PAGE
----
Border regions are always the most interesting. “Conventional wisdom” can’t really exist, as the notion of conventional in one culture is constantly being challenged by the conventions of the other.
These thoughts occurred to me as I stood deep inside the dark and crowded cellar under the Slovenian home of Aleš Kristančič, the man behind the wine brand Movia. Kristančič was about to pop the hatch of a barrel of his strange and wonderful wine called Lunar. I say hatch, a word not commonly associated with barrels, because that’s what it was. These barrels, which had been specially modified, looked like plump, wooden minisubmarines. The opening atop the barrel was extra wide to be able to accept a flow of whole, biodynamically grown Ribolla Gialla grapes (a native white variety of the region). After the barrels have been filled, the hatch clamps down to create a seal, and then at some point spontaneous fermentation begins. Over a year later, Kristančič will open the hatch and decant the wines off the dead skins.
“It’s the only wine in the world that nature is the winemaker,” said Kristančič, who is wiry, bald, and, like his wines, overflowing with energy. “The only times man touches it is to put the grapes in and take the wine out.” He poured me a taste. A pale but luminous orange in color, the wine had deep and delicate flavors of dried herbs, mineral, earth, and citrus peel. It was a completely natural, fascinating, and original wine from a region that is equally fascinating and original.
Kristančič’s region, Friuli, sits at the farthest northern tip of the Adriatic on Italy’s northeastern corner, an area far in style and habit from the Tuscan ease most people associate with Italy. The pristine seaside city of Trieste anchors the region to the southeast, with Udine in the northwest and Venice in the southwest. The Austrian Alps fence in the region to the north, and Slovenia lies to the east. From some of the best hilltop vineyards, one can see both the sparkling Adriatic and the towering snow-capped Alps, the two forces that create the climate perfect for white wine. Friuli’s naturally warm climate is tussled over by the cool, dry winds from the Alps and the balmy air from the sea. Wine grapes thrive here.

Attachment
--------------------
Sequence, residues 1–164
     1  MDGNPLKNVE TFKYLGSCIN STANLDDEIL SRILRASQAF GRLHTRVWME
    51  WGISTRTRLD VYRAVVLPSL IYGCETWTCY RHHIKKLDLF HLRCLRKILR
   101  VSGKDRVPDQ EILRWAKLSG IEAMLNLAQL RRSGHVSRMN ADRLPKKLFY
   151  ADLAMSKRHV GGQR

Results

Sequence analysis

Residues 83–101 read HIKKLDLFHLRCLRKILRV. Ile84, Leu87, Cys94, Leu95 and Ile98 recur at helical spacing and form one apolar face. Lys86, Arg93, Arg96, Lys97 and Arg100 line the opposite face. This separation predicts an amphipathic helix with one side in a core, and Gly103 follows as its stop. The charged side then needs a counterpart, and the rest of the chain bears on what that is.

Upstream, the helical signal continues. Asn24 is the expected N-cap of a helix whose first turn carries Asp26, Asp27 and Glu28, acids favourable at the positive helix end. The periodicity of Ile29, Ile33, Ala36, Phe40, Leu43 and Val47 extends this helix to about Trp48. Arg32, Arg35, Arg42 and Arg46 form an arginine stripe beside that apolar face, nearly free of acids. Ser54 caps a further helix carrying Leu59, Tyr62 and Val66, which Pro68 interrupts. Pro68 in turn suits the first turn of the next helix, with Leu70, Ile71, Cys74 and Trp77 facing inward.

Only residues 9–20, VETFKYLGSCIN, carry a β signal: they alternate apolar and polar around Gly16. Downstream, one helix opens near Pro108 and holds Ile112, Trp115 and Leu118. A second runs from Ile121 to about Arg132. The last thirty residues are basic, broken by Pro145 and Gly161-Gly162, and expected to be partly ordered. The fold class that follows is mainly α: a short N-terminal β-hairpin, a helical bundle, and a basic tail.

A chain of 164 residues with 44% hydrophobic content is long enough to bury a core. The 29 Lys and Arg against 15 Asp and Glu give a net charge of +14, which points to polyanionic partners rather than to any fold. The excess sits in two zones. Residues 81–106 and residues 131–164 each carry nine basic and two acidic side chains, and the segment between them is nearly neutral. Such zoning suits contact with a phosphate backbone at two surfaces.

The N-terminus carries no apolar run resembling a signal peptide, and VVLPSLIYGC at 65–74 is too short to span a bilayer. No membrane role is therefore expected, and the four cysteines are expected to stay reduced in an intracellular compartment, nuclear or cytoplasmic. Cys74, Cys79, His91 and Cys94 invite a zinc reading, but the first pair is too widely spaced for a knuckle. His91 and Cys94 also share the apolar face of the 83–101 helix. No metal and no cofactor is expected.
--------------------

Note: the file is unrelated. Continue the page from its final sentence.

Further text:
And the profusion of white wine grapes that comes from this little region is astounding. Sauvignon Blanc is zesty and pungent. Malvasia makes a wine of incredible perfume and the scent of ripe apricots. Ribolla Gialla makes a stout white wine that is leavened by incredible acidity. Friulano (until recently known as Tocai Friulano) is lower acid, with flavors of nuts and herbs. Picolit and Verduzzo make thick, warm, sweet wines.
But it’s the complexity and creativity that exist at the confluence of Italian and Slovenian cultures that makes this region extremely fascinating. Some wines skew Italian. That is, they are made in a style as sleek and modern as any classically Italian product like pointy leather shoes and sharklike sports cars. They are very clean and elegant. The Sauvignon and Malvasia of Venica are great examples of this: crisp with vibrancy and richness. These wines are brilliant for their economy and precision.
But there’s another strain of winemaking here that comes from a different school of thought, a strange and wonderful, exceedingly sheltered, Slavic sensibility. This style uses old wooden barrels instead of stainless steel tanks. It prizes intuition and folk wisdom over science. This is reflected in the wines of Movia: The current vintage of the reds like Merlot is 2004, as it spends an unheard-of five years in barrel, yet magically retains freshness while becoming exceedingly complex. The style also shows in the famous wines of Joško Gravner, which are fermented on the skins in massive terra cotta amphorae that are made for Gravner in the former Soviet republic of Georgia and are buried in his cellar with only their open tops emerging from the floor. These wines—and others like them—become a bit like Movia’s: salmon-colored, fragrant, mineral, and a perplexing blend of heavy and light. There’s nothing like them in the world; they’re completely unconventional. But that’s understandable. When two entirely different cultures and languages meet, convention is always the first thing to go.